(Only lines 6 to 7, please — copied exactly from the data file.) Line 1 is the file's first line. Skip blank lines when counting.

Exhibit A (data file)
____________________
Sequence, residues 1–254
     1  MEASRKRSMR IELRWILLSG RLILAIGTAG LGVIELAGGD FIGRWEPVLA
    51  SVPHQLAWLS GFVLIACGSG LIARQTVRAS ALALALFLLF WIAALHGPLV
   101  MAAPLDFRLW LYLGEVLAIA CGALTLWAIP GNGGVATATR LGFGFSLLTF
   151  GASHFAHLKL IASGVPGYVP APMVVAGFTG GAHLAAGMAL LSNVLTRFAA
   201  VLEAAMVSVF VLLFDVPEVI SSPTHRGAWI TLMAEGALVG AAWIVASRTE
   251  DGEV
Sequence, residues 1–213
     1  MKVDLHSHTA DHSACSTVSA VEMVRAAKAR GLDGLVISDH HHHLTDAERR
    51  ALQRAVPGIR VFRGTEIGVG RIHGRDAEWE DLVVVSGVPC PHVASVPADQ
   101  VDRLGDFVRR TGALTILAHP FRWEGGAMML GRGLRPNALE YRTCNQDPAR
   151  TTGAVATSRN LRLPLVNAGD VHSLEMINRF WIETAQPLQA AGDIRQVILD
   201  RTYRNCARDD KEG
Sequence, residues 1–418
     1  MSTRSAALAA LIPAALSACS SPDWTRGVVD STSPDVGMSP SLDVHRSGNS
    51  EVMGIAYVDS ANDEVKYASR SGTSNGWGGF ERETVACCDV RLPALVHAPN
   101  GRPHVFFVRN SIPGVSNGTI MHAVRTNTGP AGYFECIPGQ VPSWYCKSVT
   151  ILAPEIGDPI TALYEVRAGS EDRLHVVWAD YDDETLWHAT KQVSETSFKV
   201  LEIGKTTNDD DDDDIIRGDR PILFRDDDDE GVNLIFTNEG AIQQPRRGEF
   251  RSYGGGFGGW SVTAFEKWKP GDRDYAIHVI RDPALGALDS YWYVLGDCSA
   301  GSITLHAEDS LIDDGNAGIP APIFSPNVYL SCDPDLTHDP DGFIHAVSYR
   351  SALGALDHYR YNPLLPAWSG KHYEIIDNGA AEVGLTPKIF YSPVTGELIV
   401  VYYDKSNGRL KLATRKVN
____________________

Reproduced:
   201  VLEAAMVSVF VLLFDVPEVI SSPTHRGAWI TLMAEGALVG AAWIVASRTE
   251  DGEV